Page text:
Tesla informed France no signal of technical fault in Paris crash, govt says By Reuters


© Reuters. FILE PHOTO: A Tesla logo is seen on a Paris taxi in Paris, France, Dec. 14, 2021. REUTERS / Sarah Meyssonnier


By Mathieu Rosemain and Elizabeth Pineau

PARIS (Reuters) – Tesla has informed the French government that there is no evidence that a fatal accident involving a Tesla (NASDAQ 🙂 Model 3 taxi in Paris was caused by a technical defect, a government spokesman said on Wednesday.

The Parisian taxi company G7 stopped using the 37 Model 3 vehicles in its fleet after the accident on Saturday evening in which one of its drivers was involved.

One person was killed in the crash and twenty injured, three of them seriously, according to a person close to the investigation.

“We have of course contacted the management of Tesla and they tell us that there is no technical problem to mark their vehicles,” said government spokesman Gabriel Attal to reporters.

He added that the government is awaiting the outcome of the ongoing judicial investigation.

Still in shock four days after the accident, witnesses told Reuters the car was plowed by metal posts, a number of paid bicycles, a glass-filled recycling bin, and hit pedestrians and a van before it finally came to a stop.

“I thought it was an attack. There was glass, dust … it was like there was an explosion,” said Tillard Diomande, who was serving customers behind his bar in a nearby restaurant.

The vehicle, which had stopped at a red light, suddenly sped forward, attracting a cyclist who later died, a police source said, citing the driver’s own version of the events, witnesses and video surveillance.

The driver, who later tested negative on an alcohol test, deliberately steered the car against obstacles, including trash cans, to bring it to a stop, the police source said.

It wasn’t clear if the car was operating in Tesla’s autopilot mode, which does some driving duties.


Transport Minister Jean-Baptiste Djebbari told RMC Radio that he had spoken to the CEO of Tesla Europe, who told him there had been no Model 3 safety warnings.

He added that the automaker, which is collecting detailed data from its vehicles’ sensors and cameras, told him that it had provided investigators with the relevant technical data.

Tesla, which is at the forefront of the electric and self-driving vehicle revolution and has a market value of nearly $ 1 trillion, has not responded to requests for comment.

Deputy G7 chief Yann Ricordel told Reuters that the accident occurred when an off-duty taxi driver was taking his family to a restaurant. The driver tried to brake but the car accelerated instead, Ricordel said.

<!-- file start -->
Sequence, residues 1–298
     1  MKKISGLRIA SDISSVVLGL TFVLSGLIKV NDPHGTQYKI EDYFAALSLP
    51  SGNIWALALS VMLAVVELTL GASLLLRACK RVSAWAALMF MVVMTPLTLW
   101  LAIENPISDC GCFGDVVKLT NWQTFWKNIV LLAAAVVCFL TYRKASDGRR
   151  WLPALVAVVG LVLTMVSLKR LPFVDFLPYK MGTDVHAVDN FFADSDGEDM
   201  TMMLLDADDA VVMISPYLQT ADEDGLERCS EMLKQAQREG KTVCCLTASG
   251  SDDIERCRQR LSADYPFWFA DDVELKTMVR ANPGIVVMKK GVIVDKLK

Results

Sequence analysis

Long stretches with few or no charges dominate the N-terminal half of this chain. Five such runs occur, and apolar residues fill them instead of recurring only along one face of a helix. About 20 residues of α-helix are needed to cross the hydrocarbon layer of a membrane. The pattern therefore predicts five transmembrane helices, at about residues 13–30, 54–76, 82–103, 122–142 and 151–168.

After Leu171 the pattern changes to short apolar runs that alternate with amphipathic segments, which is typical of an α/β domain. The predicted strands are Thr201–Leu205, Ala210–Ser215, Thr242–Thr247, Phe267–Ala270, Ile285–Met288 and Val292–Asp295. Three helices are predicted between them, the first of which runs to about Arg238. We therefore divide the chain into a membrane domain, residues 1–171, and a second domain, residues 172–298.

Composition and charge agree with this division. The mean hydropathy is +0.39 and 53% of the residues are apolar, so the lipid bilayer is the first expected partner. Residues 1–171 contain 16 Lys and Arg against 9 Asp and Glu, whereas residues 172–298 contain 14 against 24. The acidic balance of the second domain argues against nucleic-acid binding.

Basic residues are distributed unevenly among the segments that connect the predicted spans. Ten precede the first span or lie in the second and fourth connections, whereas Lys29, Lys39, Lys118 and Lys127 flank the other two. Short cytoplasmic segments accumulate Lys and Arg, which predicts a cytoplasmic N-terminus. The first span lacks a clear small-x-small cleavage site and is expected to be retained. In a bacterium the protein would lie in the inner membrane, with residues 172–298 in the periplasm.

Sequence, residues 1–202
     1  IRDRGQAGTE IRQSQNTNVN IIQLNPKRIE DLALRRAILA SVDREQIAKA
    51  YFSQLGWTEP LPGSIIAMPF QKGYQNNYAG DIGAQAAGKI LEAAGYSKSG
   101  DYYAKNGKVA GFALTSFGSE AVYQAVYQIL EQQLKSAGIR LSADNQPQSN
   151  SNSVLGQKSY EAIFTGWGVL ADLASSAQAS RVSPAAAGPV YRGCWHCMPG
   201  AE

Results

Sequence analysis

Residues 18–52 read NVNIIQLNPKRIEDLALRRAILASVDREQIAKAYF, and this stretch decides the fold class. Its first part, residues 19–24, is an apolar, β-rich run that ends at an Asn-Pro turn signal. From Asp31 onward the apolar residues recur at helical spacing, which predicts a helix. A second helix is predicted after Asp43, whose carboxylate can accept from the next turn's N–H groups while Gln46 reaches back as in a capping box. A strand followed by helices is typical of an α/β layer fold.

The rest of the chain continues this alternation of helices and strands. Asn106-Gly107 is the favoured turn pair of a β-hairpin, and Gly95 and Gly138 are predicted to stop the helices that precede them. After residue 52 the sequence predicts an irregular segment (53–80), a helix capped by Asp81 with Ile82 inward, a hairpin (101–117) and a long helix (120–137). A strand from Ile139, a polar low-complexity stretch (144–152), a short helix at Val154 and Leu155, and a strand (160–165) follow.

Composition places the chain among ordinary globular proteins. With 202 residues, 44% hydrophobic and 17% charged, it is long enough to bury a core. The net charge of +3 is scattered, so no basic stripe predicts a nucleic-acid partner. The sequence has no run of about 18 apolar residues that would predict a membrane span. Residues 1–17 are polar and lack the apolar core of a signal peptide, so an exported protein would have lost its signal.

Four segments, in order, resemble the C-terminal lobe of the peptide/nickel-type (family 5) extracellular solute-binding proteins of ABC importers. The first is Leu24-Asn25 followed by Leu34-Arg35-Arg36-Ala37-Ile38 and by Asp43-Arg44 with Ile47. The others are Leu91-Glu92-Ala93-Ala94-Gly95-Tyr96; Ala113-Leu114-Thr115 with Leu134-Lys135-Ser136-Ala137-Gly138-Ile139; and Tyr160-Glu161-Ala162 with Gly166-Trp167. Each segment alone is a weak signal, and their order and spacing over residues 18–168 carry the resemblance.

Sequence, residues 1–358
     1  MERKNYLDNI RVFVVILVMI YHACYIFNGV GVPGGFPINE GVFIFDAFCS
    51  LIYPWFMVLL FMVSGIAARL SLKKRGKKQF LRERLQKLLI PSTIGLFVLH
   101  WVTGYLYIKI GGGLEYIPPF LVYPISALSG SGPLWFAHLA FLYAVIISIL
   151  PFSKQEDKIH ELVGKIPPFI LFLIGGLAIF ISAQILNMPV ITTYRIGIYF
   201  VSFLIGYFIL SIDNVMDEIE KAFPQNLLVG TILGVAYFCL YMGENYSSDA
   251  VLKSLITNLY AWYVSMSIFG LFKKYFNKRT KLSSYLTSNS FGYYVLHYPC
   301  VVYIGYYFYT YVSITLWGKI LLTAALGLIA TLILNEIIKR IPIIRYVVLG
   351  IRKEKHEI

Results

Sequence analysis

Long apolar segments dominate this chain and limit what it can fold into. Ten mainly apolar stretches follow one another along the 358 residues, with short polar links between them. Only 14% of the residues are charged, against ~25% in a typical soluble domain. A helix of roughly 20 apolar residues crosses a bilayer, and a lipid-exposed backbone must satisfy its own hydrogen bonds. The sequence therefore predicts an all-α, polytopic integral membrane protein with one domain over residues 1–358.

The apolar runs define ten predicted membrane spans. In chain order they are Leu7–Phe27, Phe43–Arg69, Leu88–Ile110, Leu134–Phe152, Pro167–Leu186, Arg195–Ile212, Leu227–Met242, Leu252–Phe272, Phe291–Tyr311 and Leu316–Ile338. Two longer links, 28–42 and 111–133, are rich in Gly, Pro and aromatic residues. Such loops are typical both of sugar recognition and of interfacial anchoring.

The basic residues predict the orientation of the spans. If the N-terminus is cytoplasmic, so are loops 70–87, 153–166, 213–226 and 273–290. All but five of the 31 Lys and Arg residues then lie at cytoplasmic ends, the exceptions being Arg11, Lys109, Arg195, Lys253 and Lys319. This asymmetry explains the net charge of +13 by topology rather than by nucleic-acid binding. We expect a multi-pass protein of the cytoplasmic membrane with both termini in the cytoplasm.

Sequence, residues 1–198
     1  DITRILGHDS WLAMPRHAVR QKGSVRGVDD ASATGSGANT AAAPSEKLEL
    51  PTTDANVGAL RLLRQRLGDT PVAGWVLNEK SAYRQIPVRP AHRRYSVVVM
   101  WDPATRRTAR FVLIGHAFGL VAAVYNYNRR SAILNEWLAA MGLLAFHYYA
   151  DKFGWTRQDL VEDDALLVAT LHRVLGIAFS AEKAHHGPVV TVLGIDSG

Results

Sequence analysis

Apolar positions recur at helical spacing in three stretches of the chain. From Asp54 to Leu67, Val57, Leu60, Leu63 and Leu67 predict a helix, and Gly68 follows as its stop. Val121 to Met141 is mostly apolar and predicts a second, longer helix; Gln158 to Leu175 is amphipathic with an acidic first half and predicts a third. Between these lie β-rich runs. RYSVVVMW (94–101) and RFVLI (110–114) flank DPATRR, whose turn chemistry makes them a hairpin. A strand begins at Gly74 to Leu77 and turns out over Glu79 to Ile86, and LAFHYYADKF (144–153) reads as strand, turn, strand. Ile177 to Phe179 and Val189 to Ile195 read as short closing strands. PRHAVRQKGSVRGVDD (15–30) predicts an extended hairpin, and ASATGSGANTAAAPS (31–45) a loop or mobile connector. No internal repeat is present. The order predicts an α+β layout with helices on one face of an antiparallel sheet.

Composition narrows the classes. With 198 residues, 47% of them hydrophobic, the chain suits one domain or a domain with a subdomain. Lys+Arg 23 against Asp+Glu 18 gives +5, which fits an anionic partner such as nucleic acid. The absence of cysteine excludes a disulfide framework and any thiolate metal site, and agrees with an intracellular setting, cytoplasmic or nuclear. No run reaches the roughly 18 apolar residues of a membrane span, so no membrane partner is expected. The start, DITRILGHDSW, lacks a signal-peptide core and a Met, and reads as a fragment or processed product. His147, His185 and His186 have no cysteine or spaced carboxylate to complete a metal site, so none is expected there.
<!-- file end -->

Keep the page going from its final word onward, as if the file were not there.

A judicial source said that a preliminary investigation into the negligent homicide of the driver had been initiated.

The video of the scene, obtained from Reuters, showed the wreck of a black Tesla and debris scattered on the street. The left side of the vehicle was wrinkled, the left front wheel collapsed and the windshield shattered.

The car had apparently crashed into a white van that suffered front damage. Other footage circulating on social media showed how the public cared for the wounded and shocked passers-by after the accident.

Tesla CEO Elon Musk was voted “Person of the Year” 2021 by both Time Magazine and the Financial Times because he initiated a historic shift in the auto industry towards electric vehicles and sent rockets into orbit with his space company.

Tesla’s Model 3 led European auto sales in September, marking the first time an electric vehicle has done so on the monthly charts.

The National Highway Traffic Safety Administration (NHTSA) announced in August that it had dispatched teams to review 31 Tesla crashes with 10 fatalities since 2016 that were suspected of using advanced driver assistance systems.

It excluded autopilot in three of the crashes.

Last year, the NHTSA opened a formal review of over 200 complaints about sudden acceleration in Tesla cars, but regulators later said they found no defects in Tesla’s systems and said the accidents were caused by “pedal misoperation.”

Musk has repeatedly defended autopilot, tweeting in April that “Tesla is now ten times less likely to crash than the average vehicle with autopilot on.”

Tesla advises drivers to keep their hands on the steering wheel and be careful when using the autopilot.

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